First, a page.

Mr Raphael Lataster
MA (Studies in Religion, Sydney)
Raphael Lataster is a Teaching Fellow, PhD Candidate, and research assistant in the Department of Studies in Religion. Raphael’s doctoral research analyses the major philosophical arguments for God’s existence (as argued by William Lane Craig, Richard Swinburne and Thomas Aquinas), attempts to demonstrate the logical improbability of theism, explores the theological tendencies of Philosophy of Religion, and considers the plausibility of pantheistic worldviews. Being one of the few Studies in Religion scholars to employ an evaluative approach, Raphael has published extensively on the possibility of Jesus’ non-existence (the subject of his MA dissertation), the implausibility of theism, and the relative plausibilities of alternative god-models, such as deism and panentheism. Apart from his research, Raphael contributes extensively to the Academy, through his journal editing, article refereeing, digitisation projects, symposium organisation, and teaching. Raphael also serves the broader community, via popular-level publications, public lectures, debates, and volunteer work. His popular book, there was no Jesus, there is no God, received numerous positive reviews from both scholars and laypersons, and has been followed up by Jesus Did Not Exist.
- Non-mainstream religions and alternative god-models
- Analytical philosophy of religion
- Jesus ahistoricity theories
- Method and critical theory in the study of religion
- Philosophical logic and Bayesian reasoning
- Secularism and the New Atheists
Teaching and supervision
Raphael teaches several units in Studies in Religion, including RLST1002 A History of God, Deities and Demons, RLST1005 Atheism, Fundamentalism and New Religions, RLST3602, and RLST4011.
Thesis title: GOD'S INTELLECTUAL BATTLES: WILLIAM LANE CRAIG, PHILOSOPHICAL ARGUMENTS, AND PUBLIC ENGAGEMENTSupervisors: Carole CUSACK
In the early 21st Century, public discussions about God have moved on from simplistic ‘fire and brimstone’ sermons. Modern Christian theological scholars are now presenting much more sophisticated and respectable justifications for their believing in God. These Biblical scholars and philosophers of religion present numerous philosophical arguments in the hope that audiences will find them reason enough to accept that God exists, and then present historical arguments centred on Jesus of Nazareth, in order to demonstrate the exclusive truth of the Christian faith. The arguments of these scholars, with particular focus on William Lane Craig, are analysed in this thesis, in order to determine if they are persuasive. Further consideration is given to the sociological impact of William Lane Craig in the public sphere, including his tactics in engaging with the public and with his vocal opponents. The actions and perceptions of the New Atheists, who often lack the expertise or even the desire to comprehensively deal with such arguments, are also briefly considered.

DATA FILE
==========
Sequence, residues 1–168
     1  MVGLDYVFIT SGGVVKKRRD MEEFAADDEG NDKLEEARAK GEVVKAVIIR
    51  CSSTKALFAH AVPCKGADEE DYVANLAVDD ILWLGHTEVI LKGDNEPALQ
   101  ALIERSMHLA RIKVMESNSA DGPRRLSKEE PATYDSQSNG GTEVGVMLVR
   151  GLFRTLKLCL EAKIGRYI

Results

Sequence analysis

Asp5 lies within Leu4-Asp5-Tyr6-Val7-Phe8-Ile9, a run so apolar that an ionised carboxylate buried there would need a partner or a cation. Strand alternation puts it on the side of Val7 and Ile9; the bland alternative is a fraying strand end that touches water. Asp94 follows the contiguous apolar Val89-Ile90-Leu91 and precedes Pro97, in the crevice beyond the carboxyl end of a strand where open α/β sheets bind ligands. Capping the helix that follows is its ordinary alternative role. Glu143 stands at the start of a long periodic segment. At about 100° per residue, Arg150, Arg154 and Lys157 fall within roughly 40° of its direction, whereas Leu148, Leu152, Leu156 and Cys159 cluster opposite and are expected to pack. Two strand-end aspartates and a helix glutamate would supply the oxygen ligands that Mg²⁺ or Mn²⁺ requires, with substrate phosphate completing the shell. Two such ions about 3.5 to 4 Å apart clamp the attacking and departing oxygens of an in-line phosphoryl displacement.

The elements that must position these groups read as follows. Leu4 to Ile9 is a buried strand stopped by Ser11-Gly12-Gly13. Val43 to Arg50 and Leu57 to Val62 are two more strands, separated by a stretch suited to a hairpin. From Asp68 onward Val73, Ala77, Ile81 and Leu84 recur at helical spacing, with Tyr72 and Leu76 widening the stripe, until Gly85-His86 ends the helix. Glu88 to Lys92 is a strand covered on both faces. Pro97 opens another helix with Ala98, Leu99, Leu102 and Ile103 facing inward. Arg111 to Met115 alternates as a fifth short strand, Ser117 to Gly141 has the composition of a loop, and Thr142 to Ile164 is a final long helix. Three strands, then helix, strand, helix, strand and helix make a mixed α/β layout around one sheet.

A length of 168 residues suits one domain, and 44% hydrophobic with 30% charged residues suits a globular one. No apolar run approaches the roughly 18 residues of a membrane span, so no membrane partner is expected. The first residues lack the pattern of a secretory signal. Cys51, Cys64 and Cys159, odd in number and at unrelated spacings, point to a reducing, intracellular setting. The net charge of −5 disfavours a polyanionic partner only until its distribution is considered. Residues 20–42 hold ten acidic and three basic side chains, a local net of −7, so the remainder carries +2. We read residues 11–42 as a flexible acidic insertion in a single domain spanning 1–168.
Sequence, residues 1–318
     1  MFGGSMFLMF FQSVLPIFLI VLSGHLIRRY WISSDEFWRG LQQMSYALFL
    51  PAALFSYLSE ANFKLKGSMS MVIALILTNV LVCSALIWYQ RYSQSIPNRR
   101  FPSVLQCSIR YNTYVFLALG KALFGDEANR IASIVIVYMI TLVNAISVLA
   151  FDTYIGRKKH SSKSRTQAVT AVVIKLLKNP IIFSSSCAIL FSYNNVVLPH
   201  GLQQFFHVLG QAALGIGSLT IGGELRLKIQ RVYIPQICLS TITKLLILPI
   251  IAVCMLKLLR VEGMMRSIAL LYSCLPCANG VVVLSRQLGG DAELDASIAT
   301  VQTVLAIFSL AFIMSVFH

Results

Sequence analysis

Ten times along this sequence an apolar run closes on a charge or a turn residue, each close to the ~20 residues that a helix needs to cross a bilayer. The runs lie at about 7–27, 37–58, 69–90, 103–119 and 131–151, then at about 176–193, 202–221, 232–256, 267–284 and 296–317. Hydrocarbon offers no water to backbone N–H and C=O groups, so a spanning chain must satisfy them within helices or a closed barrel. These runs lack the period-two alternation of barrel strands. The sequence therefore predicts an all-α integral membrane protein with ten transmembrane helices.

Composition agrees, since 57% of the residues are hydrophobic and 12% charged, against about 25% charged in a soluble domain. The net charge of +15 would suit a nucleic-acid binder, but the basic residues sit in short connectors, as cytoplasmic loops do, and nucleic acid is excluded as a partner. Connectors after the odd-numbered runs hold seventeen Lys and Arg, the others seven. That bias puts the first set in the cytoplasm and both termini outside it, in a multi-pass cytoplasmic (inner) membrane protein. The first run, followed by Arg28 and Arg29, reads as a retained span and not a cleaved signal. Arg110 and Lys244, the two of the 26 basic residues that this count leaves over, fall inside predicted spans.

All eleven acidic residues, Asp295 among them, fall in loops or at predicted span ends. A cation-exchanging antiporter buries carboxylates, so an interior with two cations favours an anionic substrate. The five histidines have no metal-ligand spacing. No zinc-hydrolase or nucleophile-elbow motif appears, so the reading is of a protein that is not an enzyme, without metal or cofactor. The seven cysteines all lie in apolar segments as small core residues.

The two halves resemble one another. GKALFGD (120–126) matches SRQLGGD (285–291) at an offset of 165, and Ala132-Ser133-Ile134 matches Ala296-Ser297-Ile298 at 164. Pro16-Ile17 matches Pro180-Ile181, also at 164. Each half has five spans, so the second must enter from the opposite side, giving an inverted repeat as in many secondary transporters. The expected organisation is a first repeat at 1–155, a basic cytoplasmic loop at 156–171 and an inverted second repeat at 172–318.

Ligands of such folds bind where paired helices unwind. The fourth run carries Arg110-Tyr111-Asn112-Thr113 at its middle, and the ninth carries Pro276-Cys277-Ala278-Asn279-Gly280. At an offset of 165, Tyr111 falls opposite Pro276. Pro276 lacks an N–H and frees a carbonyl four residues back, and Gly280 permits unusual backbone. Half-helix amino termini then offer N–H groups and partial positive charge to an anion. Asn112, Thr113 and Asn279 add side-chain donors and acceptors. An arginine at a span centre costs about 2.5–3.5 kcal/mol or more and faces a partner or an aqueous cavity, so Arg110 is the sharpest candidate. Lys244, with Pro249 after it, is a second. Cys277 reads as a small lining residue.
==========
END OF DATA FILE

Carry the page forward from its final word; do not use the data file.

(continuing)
It is contended that the arguments put forth by Christian evidentialists such as William Lane Craig are unconvincing. The reasons for their failure are numerous. For example, many of the premises are asserted without adequate justification, and are thus rejected by opponents. It is revealed that the majority of the arguments are not only unpersuasive, but also technically irrelevant, in that they do not argue for the existence of the specific god of theism, or the exclusive truth of any one religion. The only truly relevant arguments – which centre on Jesus – are found to be logically fallacious and to rely on the misuse and misunderstanding of critical historical and probabilistic methods. Alternative god-models such as polytheism, pantheism, and pandeism are considered, with several argued as being more plausible than the classical theism of Christian evidentialists such as Craig. Public perceptions of the influential Craig are largely found to be positive, even among some non-believers, and it is concluded that the public dissemination of his fallacious arguments and methods should be regarded as harmful.
Raphael is working on the relative plausibilities of theistic, naturalistic, and alternative worldviews. He is also involved in organising speaking tours and symposia, involving prominent New Atheists and renowned local and international scholars.
- Member of The Australasian Philosophy of Religion Association (APRA)
Awards and honours
- 2015 – Dean’s Citation for Excellence in Teaching
- 2016 – FASS Teaching Fellowship
In the media
- Wiki page - https://en.wikipedia.org/wiki/Raphael_Lataster
Jesus Did Not Exist: A Debate Among Atheists (CreateSpace Independent Publishing Platform, 2015)
There was no Jesus, there is no God: A Scholarly Examination of the Scientific, Historical, and Philosophical Evidence and Arguments for Monotheism (CreateSpace Independent Publishing Platform, 2014)